“A good mind possesses a kingdom; a great fortune is a great slavery.”
Can sweepstakes or lotto provide you with true, lasting self esteem and happiness?
Here’s a real story that hit world news sometime in 1998. Gerald won 10 million dollars in the lottery sweepstakes in Canada.
But according to news, he couldn’t handle the instant money and fame. Canada’s Globe and Mail reported:
“He bought several new vehicles for himself and friends, purchased a house that turned into a nightly party pad and often celebrated his new lifestyle with copious amounts of drugs and alcohol.”
Gerald eventually went bankrupt due to overspending and failed businesses. He was eventually forced into taking a job heavy lifting in the farm to make ends meet.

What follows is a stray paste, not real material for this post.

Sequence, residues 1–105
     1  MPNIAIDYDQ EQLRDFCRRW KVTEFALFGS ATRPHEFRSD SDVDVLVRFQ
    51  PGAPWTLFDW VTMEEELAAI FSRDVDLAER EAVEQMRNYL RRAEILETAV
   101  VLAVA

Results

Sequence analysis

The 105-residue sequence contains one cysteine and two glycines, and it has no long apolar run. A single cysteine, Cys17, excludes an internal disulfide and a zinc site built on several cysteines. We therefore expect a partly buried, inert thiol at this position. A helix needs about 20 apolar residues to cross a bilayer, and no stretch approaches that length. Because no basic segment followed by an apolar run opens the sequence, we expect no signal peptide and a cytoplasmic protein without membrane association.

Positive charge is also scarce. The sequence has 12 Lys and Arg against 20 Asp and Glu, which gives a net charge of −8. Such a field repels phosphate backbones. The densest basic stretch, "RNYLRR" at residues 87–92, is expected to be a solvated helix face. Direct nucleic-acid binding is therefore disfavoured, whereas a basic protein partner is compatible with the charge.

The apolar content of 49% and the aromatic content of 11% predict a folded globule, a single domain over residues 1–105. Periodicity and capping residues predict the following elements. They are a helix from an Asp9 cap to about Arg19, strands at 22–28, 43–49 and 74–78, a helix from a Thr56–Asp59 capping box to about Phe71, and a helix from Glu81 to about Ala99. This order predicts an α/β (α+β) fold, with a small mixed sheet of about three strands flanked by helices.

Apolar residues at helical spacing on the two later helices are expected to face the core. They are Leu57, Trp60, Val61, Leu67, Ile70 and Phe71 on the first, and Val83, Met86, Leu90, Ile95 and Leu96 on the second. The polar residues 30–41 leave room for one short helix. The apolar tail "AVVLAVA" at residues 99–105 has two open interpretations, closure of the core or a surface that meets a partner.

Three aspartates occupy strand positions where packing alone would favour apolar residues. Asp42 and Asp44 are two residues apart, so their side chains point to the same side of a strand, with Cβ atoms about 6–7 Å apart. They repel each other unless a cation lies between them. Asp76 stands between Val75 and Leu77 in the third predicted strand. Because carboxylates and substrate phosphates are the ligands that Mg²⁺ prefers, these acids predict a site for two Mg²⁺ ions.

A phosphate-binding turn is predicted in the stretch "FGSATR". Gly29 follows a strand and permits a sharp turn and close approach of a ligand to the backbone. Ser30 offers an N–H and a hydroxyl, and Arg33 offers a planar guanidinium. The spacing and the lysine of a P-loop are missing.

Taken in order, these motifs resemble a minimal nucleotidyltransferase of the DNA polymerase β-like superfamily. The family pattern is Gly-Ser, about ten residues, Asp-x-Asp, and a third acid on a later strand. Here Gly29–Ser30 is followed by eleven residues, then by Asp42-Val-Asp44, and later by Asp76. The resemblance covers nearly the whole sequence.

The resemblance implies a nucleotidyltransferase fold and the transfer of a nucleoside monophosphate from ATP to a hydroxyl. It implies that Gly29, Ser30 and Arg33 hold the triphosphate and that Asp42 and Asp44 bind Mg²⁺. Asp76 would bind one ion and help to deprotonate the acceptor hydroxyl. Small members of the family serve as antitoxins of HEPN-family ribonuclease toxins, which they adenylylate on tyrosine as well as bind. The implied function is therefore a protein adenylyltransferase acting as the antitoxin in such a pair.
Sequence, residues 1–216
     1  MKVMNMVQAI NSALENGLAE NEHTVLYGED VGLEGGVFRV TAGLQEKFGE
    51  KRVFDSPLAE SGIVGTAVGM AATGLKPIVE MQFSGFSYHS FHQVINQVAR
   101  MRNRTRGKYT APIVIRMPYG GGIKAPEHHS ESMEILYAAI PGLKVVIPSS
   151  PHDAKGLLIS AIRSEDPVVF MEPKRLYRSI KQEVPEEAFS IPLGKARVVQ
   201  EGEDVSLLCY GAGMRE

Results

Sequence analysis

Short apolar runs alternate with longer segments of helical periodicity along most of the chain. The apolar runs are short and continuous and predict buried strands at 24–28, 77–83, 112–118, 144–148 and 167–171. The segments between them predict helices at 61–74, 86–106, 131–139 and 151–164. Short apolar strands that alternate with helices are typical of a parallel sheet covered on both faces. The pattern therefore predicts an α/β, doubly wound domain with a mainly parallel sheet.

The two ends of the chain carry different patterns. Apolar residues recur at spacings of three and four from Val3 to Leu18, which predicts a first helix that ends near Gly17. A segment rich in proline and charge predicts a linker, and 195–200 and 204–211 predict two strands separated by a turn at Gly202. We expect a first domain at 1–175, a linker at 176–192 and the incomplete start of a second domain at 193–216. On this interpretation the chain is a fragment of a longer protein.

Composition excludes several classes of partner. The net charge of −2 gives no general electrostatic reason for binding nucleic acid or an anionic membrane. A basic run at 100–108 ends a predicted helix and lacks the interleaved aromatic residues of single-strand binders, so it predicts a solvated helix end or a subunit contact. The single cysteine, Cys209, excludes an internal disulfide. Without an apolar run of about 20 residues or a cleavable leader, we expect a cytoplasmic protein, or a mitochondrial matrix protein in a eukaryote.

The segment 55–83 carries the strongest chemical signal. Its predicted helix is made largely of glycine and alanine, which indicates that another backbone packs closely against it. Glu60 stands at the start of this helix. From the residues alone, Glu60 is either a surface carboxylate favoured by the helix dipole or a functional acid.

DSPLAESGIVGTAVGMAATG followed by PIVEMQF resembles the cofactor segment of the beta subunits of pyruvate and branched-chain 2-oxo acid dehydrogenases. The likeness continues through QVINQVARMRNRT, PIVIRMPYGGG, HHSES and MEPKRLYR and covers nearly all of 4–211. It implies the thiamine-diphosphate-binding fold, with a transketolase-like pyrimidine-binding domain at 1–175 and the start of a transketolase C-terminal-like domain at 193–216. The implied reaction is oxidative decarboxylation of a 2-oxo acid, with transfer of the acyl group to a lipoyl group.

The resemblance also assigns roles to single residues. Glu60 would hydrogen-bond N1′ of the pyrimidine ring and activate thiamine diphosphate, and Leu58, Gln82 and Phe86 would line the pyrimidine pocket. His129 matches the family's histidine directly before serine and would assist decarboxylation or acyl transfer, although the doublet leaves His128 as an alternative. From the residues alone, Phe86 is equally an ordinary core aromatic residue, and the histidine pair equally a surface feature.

According to media reports, Gerald hanged himself in his parents’ garage in 2005.
Philosopher Paul Tournier says,
“The yield of our life does not depend so much on the number of things that we do, but more on the quality of the self-giving we put into each thing. In order to add this quality, we must depart from the atmosphere of the modern world which is completely obsessed ... do, do, do always more. Let us rather, once again, become inspired and tranquil men.”
Sweepstakes lottery is sudden wealth. It does not produce tranquil men and women. It carries a distortion. The view that goods are ultimate. That it can fill your emotional void, and make you happy.
It is, to use a phrase from psychiatrist Dr. M.Scott Peck, just a mere way of “coping with our impotence.”
That’s because sweepstakes doctrine is purely material. The love for things. Instant money does not produce true or lasting feelings of self esteem and happiness.
Understand the delusion of sweepstakes. Avoid its trap.
“For the love of money is a root for all sorts of evil, and some by longing for it have wandered away from the faith and pierced themselves with many griefs” (1 Timothy 6:10)